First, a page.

What was the Missouri Compromise?
The Missouri Compromise was an agreement between the North and the South and passed by Congress in 1820 that allowed Missouri to be admitted as the 24th state in 1821. One slave state (Missouri) and one free state (Maine) were admitted to the Union, maintaining the balance. The balance of power between free and slave states in Congress was maintained to ease tensions between the North and South.
The North's attempt to force emancipation upon Missouri when it applied for admission as a slave state in 1819 rankled white southerners, and they threatened secession during the debates over the conditions under which Missouri should be granted statehood. The debates resulted in a compromise that involved the drawing of a line through the United States prohibiting slavery in future states north of the latitude 36°30′ and allowing it in future states south of that. (Missouri itself, despite lying almost entirely north of the line, was admitted as a slave state.)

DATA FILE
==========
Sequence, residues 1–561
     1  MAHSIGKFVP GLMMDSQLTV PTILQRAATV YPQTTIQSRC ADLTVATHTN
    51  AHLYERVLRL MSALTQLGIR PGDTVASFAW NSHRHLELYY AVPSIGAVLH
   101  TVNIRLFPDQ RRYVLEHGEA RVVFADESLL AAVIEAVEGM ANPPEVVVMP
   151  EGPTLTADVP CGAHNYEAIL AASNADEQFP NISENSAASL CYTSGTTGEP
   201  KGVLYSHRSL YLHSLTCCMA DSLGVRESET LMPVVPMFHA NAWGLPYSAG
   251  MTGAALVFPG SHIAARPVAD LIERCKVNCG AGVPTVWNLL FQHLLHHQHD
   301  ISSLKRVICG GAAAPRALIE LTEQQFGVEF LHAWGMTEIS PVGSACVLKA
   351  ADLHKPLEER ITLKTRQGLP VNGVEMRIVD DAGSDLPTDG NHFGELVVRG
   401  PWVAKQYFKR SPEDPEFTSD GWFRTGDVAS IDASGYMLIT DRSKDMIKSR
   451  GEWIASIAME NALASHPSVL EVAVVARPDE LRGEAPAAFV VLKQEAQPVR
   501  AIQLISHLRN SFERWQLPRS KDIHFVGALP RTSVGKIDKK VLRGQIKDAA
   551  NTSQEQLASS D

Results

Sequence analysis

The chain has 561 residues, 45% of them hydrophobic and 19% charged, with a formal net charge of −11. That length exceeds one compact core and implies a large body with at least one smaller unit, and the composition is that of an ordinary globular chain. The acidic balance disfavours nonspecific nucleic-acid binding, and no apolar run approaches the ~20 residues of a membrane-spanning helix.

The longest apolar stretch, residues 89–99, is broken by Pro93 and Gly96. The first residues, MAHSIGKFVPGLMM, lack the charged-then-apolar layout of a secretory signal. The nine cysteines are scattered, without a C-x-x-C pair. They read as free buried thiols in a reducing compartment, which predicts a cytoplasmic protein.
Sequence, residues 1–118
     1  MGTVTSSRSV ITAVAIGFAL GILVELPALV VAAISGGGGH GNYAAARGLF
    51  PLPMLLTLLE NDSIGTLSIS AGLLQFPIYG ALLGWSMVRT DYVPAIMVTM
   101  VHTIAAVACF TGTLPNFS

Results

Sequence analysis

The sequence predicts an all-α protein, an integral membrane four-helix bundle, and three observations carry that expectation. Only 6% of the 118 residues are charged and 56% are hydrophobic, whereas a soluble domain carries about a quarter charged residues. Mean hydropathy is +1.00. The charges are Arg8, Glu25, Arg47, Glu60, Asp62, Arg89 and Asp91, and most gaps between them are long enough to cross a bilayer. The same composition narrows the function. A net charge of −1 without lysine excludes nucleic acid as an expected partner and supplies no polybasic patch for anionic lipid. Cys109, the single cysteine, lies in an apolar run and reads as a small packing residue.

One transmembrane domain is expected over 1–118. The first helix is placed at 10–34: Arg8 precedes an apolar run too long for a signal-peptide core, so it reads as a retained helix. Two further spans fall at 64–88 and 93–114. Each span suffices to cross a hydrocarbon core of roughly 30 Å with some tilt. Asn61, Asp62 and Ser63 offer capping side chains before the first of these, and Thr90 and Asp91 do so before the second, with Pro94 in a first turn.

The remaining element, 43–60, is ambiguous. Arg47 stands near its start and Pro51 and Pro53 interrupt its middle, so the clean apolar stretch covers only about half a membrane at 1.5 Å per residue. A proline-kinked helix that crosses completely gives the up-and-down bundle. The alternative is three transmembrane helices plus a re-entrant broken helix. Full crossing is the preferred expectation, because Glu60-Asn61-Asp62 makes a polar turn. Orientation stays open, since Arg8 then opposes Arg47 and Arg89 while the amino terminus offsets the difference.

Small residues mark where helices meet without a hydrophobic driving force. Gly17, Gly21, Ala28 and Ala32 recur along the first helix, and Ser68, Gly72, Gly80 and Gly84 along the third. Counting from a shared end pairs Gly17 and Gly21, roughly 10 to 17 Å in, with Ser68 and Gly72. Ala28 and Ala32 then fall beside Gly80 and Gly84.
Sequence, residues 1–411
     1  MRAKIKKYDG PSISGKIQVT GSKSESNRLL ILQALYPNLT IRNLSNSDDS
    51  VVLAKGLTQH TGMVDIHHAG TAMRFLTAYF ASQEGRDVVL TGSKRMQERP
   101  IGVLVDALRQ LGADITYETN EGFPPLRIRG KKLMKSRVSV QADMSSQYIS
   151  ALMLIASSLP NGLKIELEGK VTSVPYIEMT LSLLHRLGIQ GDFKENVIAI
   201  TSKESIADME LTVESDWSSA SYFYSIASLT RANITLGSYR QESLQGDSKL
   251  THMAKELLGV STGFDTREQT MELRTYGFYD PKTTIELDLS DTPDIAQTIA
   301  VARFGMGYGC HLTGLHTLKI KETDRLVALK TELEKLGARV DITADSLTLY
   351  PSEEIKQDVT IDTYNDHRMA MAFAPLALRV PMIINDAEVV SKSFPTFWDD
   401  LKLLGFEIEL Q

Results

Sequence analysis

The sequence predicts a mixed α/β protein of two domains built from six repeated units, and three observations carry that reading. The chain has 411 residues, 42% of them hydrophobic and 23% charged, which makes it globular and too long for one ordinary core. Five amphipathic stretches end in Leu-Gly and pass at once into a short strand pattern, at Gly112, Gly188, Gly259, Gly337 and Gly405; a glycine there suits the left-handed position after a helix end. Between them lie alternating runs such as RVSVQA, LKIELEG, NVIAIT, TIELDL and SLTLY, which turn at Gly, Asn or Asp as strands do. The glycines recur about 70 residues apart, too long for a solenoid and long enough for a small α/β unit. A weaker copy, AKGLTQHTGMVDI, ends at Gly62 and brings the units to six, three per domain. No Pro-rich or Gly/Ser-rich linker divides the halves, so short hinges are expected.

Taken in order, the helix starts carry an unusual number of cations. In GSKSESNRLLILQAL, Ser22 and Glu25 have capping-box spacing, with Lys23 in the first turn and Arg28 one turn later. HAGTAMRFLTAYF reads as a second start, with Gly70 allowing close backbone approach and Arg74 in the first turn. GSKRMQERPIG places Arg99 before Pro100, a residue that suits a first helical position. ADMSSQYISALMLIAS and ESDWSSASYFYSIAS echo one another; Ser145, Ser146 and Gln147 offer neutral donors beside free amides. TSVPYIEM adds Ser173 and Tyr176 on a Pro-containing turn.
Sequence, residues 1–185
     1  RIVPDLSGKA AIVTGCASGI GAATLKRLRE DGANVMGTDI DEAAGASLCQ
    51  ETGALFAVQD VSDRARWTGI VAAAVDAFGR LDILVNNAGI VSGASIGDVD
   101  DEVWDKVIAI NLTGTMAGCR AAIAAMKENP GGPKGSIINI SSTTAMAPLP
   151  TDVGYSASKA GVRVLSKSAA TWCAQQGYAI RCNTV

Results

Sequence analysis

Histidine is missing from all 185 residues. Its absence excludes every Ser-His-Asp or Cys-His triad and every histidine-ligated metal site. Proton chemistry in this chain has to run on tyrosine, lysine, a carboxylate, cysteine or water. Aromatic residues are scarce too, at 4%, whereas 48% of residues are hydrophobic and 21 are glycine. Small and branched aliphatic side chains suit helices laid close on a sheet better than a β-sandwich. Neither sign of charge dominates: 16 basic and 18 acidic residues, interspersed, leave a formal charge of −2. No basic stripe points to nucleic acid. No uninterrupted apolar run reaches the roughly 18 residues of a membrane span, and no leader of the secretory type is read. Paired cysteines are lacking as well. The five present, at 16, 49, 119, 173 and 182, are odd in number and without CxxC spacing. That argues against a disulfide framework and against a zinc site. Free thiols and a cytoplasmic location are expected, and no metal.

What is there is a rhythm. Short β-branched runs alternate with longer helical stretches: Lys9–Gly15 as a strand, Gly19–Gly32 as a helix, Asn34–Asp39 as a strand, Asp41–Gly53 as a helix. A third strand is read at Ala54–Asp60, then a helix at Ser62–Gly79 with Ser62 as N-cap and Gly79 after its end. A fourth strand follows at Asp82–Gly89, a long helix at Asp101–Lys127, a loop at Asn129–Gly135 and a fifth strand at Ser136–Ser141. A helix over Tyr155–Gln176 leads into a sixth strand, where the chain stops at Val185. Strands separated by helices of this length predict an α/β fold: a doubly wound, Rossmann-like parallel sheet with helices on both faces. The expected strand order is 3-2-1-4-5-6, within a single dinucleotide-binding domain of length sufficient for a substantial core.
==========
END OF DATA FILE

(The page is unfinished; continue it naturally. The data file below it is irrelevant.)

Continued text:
This worked for about 34 years.
The Missouri Compromise was a compromise of new territory should be considered a free state or slave state. This compromise proposed whatever was north of the 36'30' line was to be a free state and whatever was south of this line was to be slave state.